[Source: Paul Wright]

Date opened: Opened between Autumn 1832 and 1.9.1938
Location: West side of the North View Road
Company on opening: Liverpool and Manchester Railway
Date closed to passengers: 15.9.1958
Date closed completely: 15.9.1958
Company on closing: British Railways (London Midland Region)
Present state: Demolished - only the station house survives
County: Lancashire
OS Grid Ref: SJ454907
Date of visit: 9.7.2006

Notes: Huyton Quarry was one of the original passenger stations of George Stephenson's 1830 Liverpool and Manchester Railway the world's first railway to cater for passengers as one of its primary functions. It was also arguably the worlds first inter city railway. When the line first opened on the 15th September 1830 no details exist of the initial intermediate stops and Walkers accurate description of the line at the time of opening says that fares for intermediate stops had not been settled implying that initially there might not have been any stops.

The earliest known company timetable is 1st March 1831, this did not show times at intermediate stops but did list stops in fare tables. The company minutes of 26th September 1832 did give a full list but no further list was given until January 1846.

There were many early changes of stopping place and name so the early history of intermediate stops is patchy. At first trains stops at, for example, level crossings where the gatekeeper issued tickets; perhaps a room in his cottage was available as a shelter. Many of the stations consisted of little more than a basic cottage. In 1841 platforms and nameboards were added to stations lacking them. Huyton Quarry was initially called Bottom of Whiston Incline.

Certainly by the mid 19th Century Huyton Quarry had been developed into a two platform station with station house and booking facilities on the Liverpool platform and substantial waiting facilities on the Manchester bound platform.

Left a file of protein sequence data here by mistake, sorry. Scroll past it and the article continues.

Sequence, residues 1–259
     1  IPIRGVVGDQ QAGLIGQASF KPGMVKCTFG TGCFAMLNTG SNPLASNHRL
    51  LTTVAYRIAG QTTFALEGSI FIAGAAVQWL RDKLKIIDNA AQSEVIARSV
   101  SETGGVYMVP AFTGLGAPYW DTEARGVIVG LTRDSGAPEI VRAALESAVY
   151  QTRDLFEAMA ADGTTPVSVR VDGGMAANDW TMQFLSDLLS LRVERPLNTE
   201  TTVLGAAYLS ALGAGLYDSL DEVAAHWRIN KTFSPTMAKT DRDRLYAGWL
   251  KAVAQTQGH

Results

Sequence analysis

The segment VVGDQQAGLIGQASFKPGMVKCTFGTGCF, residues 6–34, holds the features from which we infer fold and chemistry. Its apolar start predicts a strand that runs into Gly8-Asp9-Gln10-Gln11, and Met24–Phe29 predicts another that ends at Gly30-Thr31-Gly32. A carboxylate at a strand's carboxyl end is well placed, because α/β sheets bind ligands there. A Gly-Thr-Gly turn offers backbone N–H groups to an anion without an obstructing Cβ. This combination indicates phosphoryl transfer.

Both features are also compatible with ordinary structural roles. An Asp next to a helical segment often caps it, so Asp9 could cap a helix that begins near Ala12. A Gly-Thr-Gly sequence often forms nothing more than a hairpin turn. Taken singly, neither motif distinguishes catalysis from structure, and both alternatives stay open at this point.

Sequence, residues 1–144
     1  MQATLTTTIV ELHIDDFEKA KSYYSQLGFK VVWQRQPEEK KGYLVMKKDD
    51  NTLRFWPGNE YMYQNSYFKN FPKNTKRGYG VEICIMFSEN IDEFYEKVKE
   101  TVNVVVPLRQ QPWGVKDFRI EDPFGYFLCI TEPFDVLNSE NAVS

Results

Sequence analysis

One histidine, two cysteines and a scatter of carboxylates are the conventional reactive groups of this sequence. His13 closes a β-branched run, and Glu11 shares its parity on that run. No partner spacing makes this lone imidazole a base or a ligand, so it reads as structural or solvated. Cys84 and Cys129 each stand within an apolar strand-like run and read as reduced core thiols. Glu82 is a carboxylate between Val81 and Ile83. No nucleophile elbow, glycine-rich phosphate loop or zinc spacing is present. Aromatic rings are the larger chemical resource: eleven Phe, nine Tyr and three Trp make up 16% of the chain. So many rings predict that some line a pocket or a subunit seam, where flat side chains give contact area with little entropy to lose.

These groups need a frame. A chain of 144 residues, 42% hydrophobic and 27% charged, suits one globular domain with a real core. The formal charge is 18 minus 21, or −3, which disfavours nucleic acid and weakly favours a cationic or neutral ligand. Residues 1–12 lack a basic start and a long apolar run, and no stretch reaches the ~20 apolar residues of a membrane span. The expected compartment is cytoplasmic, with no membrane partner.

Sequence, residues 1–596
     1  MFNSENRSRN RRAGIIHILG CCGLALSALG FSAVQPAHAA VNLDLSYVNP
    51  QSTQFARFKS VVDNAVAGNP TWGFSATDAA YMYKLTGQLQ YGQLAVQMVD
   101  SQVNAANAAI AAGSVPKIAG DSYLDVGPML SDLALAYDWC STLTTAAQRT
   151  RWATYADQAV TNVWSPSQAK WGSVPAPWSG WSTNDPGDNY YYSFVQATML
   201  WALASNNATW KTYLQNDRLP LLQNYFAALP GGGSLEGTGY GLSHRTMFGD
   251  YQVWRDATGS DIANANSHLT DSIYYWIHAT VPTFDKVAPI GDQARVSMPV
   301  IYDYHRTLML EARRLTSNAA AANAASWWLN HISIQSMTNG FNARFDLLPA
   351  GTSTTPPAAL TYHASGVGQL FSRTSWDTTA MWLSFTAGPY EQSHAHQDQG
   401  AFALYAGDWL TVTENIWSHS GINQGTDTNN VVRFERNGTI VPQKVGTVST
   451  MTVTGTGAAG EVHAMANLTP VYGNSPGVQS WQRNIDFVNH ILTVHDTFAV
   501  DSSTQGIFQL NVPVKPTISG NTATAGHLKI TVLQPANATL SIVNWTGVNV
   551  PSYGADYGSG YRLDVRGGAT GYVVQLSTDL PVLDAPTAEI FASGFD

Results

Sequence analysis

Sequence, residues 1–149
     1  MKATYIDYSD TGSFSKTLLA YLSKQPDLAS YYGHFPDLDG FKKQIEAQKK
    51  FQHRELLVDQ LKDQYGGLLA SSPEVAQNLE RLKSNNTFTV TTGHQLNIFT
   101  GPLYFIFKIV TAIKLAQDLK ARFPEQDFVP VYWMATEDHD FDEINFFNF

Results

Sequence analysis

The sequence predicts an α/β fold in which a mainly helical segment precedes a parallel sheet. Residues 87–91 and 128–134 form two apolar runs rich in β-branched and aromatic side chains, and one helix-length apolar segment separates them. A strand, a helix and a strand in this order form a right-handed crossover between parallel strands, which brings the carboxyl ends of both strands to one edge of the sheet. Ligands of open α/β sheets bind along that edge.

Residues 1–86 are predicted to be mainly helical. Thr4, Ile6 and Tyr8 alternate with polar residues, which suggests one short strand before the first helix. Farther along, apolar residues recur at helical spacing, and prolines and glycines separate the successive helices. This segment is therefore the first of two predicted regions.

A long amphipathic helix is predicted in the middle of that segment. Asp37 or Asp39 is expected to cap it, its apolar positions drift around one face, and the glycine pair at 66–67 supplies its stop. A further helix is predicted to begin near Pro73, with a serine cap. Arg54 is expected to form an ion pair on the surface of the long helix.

From the beginning the station would have been served by local trains running between the two cities or on shorted journeys. A steady stream of express and goods services would have passed through. Just to the west of the station a number of sidings where located to serve a small branch line that ran down to the Quarry from which the station took its name. The branch also served a number of local collieries the last one only closing in 1983.

The 1830 Liverpool to Manchester line is still a busy railway but over the years many of its intermediate stations, including Huyton Quarry have closed to passengers. Huyton Quarry was closed on the 15th September 1958.

Click here for a detailed history of the Edge Hill cutting and tunnels, including pictures inside the 1829 Crown Street Tunnel

Further reading: Liverpool & Manchester Railway Operations 1831 - 1845 by Thomas J Donaghy
David & Charles 1972 ISBN 0 71535705 0

To see the other closed stations on the Liverpool & Manchester Railway click on the station name: Liverpool Crown Street, Lea Green, Collins Green, Parkside 1st, Parkside 2nd, Kenyon Junction, Glazebury and Bury Lane, Flow Moss, Astley, Lambs Cottage, Barton Moss 1st, Barton Moss 2nd, Weaste, Seedley, Cross Lane, Ordsall Lane, Manchester Liverpool Road


Huyton Quarry Station looking west in 1946

Looking west at the site of Huyton Quarry Station in July 2006
hoto by Paul Wright

Click on thumbnail to enlarge




[Source: Paul Weight]

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